90% of College Graduates Have Less Than $40,000 In Student Loans?

The NY Times Economix blog had a provocative post a few days ago about student loan debt, pointing out a government study that showed that 90% of bachelor degree holders had less than $40,000 in student loans shortly after graduating.

The chart below, using data taken from the Beginning Postsecondary Students Longitudinal Study (BPS) by the Department of Education, shows the percentage of beginning undergraduate students who, six years later, had accumulated more than the indicated levels of debt. One bar is for college entrants, and the second is for the ones who actually received a bachelor degree in that timeframe.

  • In a follow-up, the author clarifies that the study includes both federal loans and private loans via student survey.
  • The study does exclude PLUS loans (Parent loans). About 15% of bachelor’s degree recipients have parents who took out PLUS loans.
  • The chart does not include loan debt from graduate school.
  • The chart does not include credit card debt incurred during school. According to a 2009 survey by Sallie Mae, the average student leaves college with $4,100 in credit card debt.
  • The chart does not include other debt (home equity loan) taken on to pay for education.
  • Debt amounts may grow over time as interest accumulates.

Only 10% with more than $40k in student loans? Only 1% with more than $75k? That’s still a lot of money, but somehow seems less than I would have imagined. I could have easily left school with more than $40k in loans, and that was a decade ago.

I feel like something is missing. Perhaps part of it is the exclusions I listed above. Perhaps I’m thinking about how fast student loan debt is growing overall. In 2010, there became more student loan debt outstanding than credit card debt for the first time. Via Fastweb:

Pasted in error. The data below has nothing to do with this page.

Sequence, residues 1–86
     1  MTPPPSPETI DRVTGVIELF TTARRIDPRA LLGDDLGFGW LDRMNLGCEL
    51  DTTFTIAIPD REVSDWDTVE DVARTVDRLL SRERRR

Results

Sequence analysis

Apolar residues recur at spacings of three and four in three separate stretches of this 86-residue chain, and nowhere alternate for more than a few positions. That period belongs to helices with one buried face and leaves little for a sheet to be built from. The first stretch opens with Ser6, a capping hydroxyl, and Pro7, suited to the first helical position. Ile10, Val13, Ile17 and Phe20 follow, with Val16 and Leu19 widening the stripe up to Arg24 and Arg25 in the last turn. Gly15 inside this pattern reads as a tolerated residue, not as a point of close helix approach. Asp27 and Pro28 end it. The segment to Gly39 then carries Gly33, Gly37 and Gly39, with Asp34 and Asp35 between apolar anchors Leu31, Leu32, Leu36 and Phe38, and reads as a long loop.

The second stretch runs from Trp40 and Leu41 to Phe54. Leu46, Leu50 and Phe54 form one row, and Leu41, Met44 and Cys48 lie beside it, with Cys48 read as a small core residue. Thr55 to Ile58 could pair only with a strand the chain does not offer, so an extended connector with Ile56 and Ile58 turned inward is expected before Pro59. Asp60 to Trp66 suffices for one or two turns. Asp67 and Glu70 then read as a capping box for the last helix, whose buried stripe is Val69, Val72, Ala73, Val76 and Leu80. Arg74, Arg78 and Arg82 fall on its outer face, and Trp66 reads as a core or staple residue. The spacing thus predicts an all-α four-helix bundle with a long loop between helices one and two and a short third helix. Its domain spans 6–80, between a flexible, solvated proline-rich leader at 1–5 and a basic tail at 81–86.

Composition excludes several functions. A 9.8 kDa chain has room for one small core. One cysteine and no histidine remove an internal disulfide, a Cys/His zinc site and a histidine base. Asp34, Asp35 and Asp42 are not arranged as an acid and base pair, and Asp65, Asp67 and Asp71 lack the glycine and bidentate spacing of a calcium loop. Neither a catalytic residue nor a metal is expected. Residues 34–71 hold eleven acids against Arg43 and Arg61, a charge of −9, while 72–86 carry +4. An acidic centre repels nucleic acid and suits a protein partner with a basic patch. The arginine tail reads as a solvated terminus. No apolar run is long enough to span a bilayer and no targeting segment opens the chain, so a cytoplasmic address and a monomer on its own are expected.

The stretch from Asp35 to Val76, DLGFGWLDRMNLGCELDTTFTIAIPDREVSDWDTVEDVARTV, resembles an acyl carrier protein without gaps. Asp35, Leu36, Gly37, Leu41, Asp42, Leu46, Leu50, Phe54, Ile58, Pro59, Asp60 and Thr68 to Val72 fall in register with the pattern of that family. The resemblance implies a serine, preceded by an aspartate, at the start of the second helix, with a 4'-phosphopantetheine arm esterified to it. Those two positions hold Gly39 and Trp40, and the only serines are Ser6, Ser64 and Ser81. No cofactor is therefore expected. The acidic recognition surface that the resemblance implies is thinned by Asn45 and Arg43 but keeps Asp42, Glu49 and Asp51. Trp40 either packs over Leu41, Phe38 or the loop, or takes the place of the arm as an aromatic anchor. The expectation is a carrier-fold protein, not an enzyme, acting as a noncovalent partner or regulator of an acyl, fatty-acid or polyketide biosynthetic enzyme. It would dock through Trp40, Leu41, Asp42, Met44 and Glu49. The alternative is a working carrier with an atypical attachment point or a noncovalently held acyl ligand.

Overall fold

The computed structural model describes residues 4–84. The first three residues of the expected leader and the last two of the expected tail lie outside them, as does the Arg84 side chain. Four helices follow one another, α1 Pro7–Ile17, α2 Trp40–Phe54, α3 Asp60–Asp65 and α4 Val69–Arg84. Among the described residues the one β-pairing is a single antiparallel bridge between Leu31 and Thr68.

Comments

  1. This doesn’t surprise me at all. Student loan articles usually have statements like “The average student loan debt is $$$$$.” First of all, many, many students have no debt whatsoever because their parents pay for college. (Only 30% of people get college degrees, and they’re obviously the richer 30%.) Second, we all know average isn’t a very useful stat because it’s so easily skewed. A small % are accumulating massive amounts of debt and they skew the average statistic.

  2. Actually, I don’t think anything is missing.

    If you think about it, the most expensive classes at any given university are graduate level classes. Graduate debt should never be included in any student loan statistics.

    Graduate degrees are not mandatory, at least at first; they are a personal choice. You can argue the same for bachelors, but in reality you need a bachelors degree to get a FT job.

    For M.D.s and lawyers, you know what you’re getting into.

    I think the point of this is that even though debt is growing, it is still manageable.

  3. This is absolutely true. I’ve seen similar data from other sources before.

    THis kind of trend has existed for many years. Very small % of students have very large amounts of loans.

    Of course if you read news articles they make it sound like most students owe >$100k but its simply not the case.

    They are excluding grad school and professional school so this is just undergrad debt. Grad/prof loan balances tend to be much higher on average.

  4. “Perhaps I’m thinking about how fast student loan debt is growing overall. In 2010, there became more student loan debt outstanding than credit card debt for the first time.”

    This statement is true, but keep in mind that there is a lot more people going to college and getting degrees now. Which because of this, the “weight” of a college education has started to diminish and become a standard hiring bullet. If HR puts out a job posting and 80% of the applicants have a degree, the applicants need to either have graduate level education (more money) or more experience.